Sunday, 22 November 2015


I read something today and I found it to be very interesting.

The bird species, it seems knew about the impending rains in TN much before. That they knew this without Mr.RamaNan and the advancedequipments is amazing. About 3000 flamingoes which were spotted near Pulicat lake a couple of weeks back are totally missing now. Sensing what was coming, they have moved to SHAR road in Sriharikota away from the sea. The Great frigatebird-a sea bird- was spotted in a place away from the sea recently. Reason for this unusual activity? Cyclonic currents are felt by these pelagic birds much ahead. The Dark-sided Flycatcher was spotted in a suburb in Chennai some 4 days back. These species were spotted exactly 4 years ago when the city had similar kind of heavy rains. And this sixth sense is not restricted to the avian friends alone. Even the insects (‘puzhu’ in tamizh) can sense the heavy rains.Beetles and red velvet mites wriggle from beneath the soil onto the surface because they know that the water table goes beyond the considered safe limits.

Apart from this of course we have our own beautiful peacock which dances the moment it sees the dark clouds..

Ah..This reminds me of a song.

As a matter of fact, I have been humming many rain songs since two days(recall that I have already discussed some rain songs in the group). And the moment I read about our avian friends today, this song crossed my mind.

Mazhai Varuvadhu Mayilukku Theriyum’ from ‘Rishimoolam’(1980) may not be a typical rain song. But it does give me a feeling of getting drenched in a drizzle (an act which enjoy a lot). Just like many of his compositions, it is great melodically and technically. And when we haveKaNNadasan, aren’t we assured of a poetic treat as well?

First of all, it is not an easy song to sing. Many phrases in the Pallavi and the CharaNams demand a lot of breath control and who else can one think of except Janaki? The present day singers must listen to this song repeatedly to understand the importance of breathtraversing from higher octave to lower octave and most importantly, the diction.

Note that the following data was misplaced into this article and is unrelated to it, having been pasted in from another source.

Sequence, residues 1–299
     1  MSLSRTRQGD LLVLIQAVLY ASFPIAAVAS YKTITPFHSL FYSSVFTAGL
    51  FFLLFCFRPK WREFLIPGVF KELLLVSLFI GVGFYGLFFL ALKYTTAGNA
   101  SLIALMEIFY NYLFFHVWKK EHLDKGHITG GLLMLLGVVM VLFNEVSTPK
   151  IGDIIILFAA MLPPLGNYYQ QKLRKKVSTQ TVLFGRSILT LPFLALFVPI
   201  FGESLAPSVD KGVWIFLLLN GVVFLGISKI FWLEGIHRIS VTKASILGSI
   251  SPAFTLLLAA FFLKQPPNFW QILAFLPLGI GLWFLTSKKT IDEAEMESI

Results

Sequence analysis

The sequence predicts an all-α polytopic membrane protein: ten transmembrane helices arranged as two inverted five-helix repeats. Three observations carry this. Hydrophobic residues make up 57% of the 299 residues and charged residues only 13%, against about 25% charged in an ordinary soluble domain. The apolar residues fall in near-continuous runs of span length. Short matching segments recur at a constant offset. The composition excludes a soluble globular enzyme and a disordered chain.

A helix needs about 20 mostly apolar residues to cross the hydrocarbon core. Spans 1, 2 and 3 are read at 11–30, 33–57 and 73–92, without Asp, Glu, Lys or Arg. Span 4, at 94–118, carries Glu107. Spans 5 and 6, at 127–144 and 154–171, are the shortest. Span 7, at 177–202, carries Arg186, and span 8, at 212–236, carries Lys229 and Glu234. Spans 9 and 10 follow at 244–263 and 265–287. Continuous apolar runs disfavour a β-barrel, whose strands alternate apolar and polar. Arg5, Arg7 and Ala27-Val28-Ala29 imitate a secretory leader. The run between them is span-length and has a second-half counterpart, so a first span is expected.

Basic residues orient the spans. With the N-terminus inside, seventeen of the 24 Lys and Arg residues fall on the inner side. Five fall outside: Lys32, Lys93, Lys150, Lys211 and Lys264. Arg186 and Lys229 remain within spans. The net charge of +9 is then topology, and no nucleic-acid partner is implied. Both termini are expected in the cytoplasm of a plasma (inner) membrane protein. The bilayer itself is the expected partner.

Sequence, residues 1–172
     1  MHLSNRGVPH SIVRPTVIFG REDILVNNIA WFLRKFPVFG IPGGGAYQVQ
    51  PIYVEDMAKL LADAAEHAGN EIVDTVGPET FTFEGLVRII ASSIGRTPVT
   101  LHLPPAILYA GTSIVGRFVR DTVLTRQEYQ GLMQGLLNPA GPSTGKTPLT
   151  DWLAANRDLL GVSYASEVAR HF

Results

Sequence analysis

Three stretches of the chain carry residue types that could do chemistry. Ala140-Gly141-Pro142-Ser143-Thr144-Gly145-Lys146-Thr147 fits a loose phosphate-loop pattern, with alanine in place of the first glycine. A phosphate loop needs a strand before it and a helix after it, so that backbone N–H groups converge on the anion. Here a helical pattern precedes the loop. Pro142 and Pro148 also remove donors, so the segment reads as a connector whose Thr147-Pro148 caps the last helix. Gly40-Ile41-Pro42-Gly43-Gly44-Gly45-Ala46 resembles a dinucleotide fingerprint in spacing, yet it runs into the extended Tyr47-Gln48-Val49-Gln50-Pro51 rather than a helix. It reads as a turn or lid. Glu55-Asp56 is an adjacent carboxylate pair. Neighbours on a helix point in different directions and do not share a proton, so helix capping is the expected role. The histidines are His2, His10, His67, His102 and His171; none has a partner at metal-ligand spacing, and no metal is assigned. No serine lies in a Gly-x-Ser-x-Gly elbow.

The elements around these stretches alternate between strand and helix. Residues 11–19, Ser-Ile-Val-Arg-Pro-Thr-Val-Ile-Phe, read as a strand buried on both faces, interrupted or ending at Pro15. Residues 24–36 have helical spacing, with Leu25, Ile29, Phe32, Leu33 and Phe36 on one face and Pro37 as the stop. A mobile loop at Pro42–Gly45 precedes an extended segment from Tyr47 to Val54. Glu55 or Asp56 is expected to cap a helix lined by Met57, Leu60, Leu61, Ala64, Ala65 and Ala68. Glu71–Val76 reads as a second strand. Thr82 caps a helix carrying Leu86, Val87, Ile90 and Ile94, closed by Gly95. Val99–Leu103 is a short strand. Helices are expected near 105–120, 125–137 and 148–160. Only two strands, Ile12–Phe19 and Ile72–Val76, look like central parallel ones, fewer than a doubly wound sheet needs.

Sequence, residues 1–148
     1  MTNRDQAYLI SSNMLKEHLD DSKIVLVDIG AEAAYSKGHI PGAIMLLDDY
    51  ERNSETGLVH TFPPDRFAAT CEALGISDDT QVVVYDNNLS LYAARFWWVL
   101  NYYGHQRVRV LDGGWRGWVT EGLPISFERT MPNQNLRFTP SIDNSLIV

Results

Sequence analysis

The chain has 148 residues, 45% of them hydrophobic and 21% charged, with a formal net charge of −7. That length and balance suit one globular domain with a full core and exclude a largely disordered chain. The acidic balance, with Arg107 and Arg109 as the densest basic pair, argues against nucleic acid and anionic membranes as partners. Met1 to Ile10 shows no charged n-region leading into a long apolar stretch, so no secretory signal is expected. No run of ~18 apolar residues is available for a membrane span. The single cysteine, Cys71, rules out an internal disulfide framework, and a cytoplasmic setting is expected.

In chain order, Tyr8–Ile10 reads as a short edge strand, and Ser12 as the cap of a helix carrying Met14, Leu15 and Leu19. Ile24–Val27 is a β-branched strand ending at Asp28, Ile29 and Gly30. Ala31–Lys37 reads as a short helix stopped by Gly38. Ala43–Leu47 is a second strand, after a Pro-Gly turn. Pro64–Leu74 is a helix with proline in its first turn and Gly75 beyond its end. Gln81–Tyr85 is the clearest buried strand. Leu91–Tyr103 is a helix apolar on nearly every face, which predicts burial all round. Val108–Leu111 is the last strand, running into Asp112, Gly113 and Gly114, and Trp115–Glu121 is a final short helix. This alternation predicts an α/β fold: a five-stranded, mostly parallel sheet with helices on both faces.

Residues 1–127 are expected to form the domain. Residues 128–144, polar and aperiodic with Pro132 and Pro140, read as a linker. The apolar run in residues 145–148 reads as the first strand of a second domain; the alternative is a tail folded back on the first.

So, what makes this composition great and why do I call it a tough song to render?

Look at the Pallavi. It starts with the lower octave ‘pa.’ and ascends from there on up to ‘ga’ ( ri ga). After a ‘sa ga ri’, in between, it climbs down as ‘sa’ That is, it starts from the lower ‘panchamam’, climbs up, climbs down and ends with the lower panchamam. To put it simply, the last phrase is the reverse of the first phrase. I am not aware of any other first line in the Pallavi following this kind of a pattern.

The third line has a smattering of lower octave notes but the following two lines clearly show the ‘Gnani’ to the world. The lines have only oneswara-‘ma’ which occurs continuously 22 times!

The third, fourth and the fifth lines are rendered in single breath!

If Pallavi is like this, can CharaNams be quiet and sober?

In the first line, we see the repetition of the gandharam(ga) in the first half while in the second line, the swaras go on the ascent-up to thedhaivatam(dha). The third line is another beauty with the lower octavenishadammandara stayee ni.) occurring suddenly after the mid-octave ‘ni’and this continues in the fourth line as well.

What can one say about the ‘akaaram’ at the end where swaras pair up and go descending as Sani nidha dhapa pama maga gari sani. Note that it goes up to the lower octave ‘ni’ after starting with the higher octave ‘Sa’. The humming ‘lalaa lalaa..’ sees the repetition of the rishabham(13 times) and finally end with the ‘pa’.